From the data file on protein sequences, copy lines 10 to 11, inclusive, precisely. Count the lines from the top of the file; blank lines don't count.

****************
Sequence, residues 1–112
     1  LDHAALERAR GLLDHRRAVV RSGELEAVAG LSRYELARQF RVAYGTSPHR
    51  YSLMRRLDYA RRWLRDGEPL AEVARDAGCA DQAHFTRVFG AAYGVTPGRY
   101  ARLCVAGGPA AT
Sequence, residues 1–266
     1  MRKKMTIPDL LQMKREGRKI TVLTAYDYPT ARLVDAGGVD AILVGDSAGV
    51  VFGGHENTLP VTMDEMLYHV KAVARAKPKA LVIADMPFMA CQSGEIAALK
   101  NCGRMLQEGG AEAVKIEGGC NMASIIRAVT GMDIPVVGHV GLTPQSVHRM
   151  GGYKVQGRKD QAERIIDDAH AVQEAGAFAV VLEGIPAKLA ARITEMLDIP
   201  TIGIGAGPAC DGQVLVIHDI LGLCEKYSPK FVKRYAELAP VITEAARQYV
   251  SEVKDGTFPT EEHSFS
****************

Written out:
   201  TIGIGAGPAC DGQVLVIHDI LGLCEKYSPK FVKRYAELAP VITEAARQYV
   251  SEVKDGTFPT EEHSFS